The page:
Old Bradford Charities - Part II
(First published in 1985 in volume 1, pp. 31-37, of the third series of The Bradford Antiquary, the journal of the Bradford Historical and Antiquarian Society.)
Mrs Elizabeth Wadsworth's Charity
Mrs Wadsworth was concerned about the poor in the townships of Bradford, Calverley and Idle, and by a codicil to her will made in 1835 bequeathed to the Vicars of Bradford and Calverley, and to the Perpetual Curate of Idle, the sum of £600, which they were to invest. Every year at Christmas the income was to be used to assist the most deserving poor and each incumbent was authorized to distribute the third of the income assigned to him 'to such persons and in such manner as he should think proper'.
No deed has survived (if ever there was one) to testify to the setting up of a trust to administer this charity and our knowledge of it derives solely from Mrs Wadsworth's will, which was proved in November 1837. The money was presumably distributed among the deserving poor in subsequent years by the three clergymen. No provision seems to have been made to appoint successors in the event of the death or removal of any of the nominees and in 1871 the scheme was in danger of breaking down. In that year the Rev. E.M. Hall of Idle applied to the Charity Commissioners to have the £680 in 3% annuities, in the names of himself, the Rev. Henry Heap and the Rev. Samuel Redhead, transferred to the Commissioners, as the last two clergymen were dead.
The request was granted and on 3rd November 1871 the stock was apportioned, one third to each of the three churches, the income being distributed on 13th January each year. In the 1870s, and for the next twenty years, a sum of 3s. each was given to poor persons, mainly widows and spinsters aged 50 years and above, after careful enquiry into their circumstances. The names were kept in a book which is now in the Muniment Room of Bradford Cathedral, the recipients being usually recommended by the Vicar and a body of district visitors, or 'Bible-women', as they were called.
At the Charity Inquiry of 1894 Canon Bardsley testified that for the last three years £5 6s.4d. had been distributed by the Parish Clerk in sums of 2s. 6d. He also stated that neither he nor Mumford's, the solicitors, knew of any document relating to this charity, which seemed always to have been distributed according to precedent. In the 1890s applications were so numerous that the funds proved inadequate to meet the demand and they frequently had to be augmented from the Communion alms. Amounts given varied from 2s. 6d in 1908 to 5s. in 1930.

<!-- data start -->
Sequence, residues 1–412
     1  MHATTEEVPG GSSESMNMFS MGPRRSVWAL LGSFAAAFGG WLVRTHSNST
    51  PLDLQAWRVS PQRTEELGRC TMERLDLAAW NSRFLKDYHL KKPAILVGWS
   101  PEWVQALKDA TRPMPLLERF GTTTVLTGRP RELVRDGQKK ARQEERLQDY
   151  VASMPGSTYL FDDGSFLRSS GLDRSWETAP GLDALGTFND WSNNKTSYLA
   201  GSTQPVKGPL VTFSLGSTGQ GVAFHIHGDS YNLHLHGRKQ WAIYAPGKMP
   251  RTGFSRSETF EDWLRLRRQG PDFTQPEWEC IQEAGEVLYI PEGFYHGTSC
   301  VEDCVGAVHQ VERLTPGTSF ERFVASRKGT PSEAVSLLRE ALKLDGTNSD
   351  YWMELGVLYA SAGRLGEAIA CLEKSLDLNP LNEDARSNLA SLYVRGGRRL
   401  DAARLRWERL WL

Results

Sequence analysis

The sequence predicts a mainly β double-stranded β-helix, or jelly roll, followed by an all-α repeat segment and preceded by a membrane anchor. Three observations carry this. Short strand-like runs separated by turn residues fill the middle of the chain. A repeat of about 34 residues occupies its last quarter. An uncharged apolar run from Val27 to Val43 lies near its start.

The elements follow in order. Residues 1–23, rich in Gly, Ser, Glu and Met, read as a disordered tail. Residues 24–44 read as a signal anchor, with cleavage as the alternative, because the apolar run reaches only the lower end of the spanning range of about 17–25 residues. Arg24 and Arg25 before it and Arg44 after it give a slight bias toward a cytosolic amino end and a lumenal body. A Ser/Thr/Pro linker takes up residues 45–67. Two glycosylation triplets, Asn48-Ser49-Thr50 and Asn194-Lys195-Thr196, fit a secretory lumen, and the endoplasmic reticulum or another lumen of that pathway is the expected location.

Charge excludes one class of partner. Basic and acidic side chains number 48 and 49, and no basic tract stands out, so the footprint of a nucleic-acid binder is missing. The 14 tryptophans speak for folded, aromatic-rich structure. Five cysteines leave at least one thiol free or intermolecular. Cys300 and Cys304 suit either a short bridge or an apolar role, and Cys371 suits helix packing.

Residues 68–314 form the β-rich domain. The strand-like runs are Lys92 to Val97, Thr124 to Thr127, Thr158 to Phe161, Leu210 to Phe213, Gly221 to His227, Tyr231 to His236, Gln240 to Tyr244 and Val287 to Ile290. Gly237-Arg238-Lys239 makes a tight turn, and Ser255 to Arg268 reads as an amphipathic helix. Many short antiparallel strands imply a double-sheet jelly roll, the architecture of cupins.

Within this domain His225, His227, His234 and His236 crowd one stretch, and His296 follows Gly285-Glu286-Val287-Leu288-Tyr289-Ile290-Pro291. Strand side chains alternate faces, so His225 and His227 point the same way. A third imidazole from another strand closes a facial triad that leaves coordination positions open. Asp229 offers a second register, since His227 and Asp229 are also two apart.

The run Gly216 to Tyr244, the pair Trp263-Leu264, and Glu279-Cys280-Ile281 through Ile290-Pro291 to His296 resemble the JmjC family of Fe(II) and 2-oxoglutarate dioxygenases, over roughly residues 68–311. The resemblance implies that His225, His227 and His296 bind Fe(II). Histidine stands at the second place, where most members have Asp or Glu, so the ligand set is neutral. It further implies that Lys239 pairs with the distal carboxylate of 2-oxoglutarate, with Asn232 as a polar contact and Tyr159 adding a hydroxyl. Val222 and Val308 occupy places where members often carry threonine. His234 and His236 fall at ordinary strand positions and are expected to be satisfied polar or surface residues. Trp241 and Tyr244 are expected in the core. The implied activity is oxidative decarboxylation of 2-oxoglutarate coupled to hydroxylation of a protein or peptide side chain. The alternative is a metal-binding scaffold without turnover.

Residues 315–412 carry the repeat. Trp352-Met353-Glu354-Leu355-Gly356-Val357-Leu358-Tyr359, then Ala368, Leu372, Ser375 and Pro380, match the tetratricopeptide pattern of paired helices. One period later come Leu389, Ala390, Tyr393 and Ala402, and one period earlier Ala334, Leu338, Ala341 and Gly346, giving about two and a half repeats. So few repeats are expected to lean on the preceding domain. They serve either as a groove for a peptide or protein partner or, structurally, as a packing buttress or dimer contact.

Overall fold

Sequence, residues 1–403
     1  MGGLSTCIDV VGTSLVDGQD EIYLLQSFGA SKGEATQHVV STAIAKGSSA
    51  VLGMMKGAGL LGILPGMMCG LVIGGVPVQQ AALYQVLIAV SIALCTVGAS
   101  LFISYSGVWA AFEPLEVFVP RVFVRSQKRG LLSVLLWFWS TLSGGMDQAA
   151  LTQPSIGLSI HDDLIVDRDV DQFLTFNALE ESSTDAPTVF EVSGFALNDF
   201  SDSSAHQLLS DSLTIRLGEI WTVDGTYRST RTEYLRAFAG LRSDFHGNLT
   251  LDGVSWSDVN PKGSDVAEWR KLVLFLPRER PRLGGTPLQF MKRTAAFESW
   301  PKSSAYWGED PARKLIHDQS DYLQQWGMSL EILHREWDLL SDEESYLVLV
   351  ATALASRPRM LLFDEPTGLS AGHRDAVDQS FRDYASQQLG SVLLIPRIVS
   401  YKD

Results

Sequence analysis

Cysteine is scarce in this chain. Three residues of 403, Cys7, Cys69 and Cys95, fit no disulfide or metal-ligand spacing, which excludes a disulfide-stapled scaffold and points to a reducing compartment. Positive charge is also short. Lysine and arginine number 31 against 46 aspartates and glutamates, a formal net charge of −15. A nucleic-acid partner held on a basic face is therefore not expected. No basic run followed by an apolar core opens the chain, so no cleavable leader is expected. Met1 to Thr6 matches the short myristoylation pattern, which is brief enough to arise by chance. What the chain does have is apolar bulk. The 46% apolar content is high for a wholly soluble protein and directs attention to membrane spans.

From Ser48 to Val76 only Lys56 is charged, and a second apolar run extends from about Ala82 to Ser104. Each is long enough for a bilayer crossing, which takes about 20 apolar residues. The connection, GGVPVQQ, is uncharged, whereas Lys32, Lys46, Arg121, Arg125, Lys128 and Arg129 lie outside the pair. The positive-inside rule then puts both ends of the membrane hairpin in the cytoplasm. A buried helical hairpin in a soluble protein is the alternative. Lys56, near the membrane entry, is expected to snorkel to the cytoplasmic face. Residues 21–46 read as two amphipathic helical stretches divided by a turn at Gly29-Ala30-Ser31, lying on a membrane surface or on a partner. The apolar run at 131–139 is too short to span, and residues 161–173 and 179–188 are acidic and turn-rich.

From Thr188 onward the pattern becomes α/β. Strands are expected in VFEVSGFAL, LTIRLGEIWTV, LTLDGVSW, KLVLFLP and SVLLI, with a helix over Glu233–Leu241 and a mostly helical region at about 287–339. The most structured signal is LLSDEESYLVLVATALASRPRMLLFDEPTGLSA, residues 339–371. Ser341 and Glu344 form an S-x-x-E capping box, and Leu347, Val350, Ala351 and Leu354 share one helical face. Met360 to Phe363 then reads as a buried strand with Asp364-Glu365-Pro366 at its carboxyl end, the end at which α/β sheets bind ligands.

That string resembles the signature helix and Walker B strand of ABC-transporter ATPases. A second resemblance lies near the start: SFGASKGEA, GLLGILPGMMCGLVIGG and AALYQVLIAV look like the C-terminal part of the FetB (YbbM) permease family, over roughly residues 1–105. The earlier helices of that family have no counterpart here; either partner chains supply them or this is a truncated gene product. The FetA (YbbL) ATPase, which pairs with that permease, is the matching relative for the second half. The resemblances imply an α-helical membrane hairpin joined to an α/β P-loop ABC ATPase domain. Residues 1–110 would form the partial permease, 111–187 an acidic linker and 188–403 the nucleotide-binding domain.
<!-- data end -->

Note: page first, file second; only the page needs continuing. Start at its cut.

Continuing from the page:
Although the amounts distributed appear pitifully small today, there is plenty of evidence that they were gratefully accepted and were a real blessing to the recipients. In 1905 the churchwardens found themselves unable to meet all the demands on their funds and the following note appears in the Charity Book.
"Jowett, Wadsworth and Poor's Estate"
"In consequence of reduced amounts received on account of these three charities it is impossible to pay the same sums to the like number of people as heretofore. Nor could it be easily settled as to who should be left out. I have therefore paid to all who have previously received the dole the same amount as they had before. It no new persons are added the number of recipients will gradually be reduced by death and other causes and in time the income will be sufficient to satisfy the remainder."
The amount available was: Wadsworth Charity £4 16s. 8d., Poor's Estate £8 4s. 6d., Jowett Charity £6 4s. 10d. The clerk paid out £20 6s. 6d., the deficit of £1 0s. 6d. being made up out of Communion alms.
John Appleyard's Charity
Some benefactors made provision for the poor of more than one district. John Appleyard, who added a codicil to his will on 11th June 1864, eight months before his death, was one such person. He left to the Vicar of the Parish of Halifax £5,000, to be invested in Government Securities, the income of which was to be distributed each January in bread, coals and blankets amongst the poor of several neighbouring townships; one fifth each to Halifax, Warley and Ovenden, one tenth each to Midgley, Adwalton, Bradford and Birstall.
In 1866, after deduction of legacy duty, the sum of £4,500 was invested by the Charity Commissioners and each year one tenth of the income was remitted to the Vicar of Bradford, whose Curate distributed it to the poor by means of orders on local provision merchants. In subsequent years the income varied very little, being in the region of £14 15s. in 1893 and £12 15s. in 1967. In the early years food orders for 6d. and 1s. each and some orders for coals were distributed to a large number of needy people. In 1967 the Provost, as the Vicar of Bradford, distributed the charity to thirteen poor and aged people, who received part cash and part goods.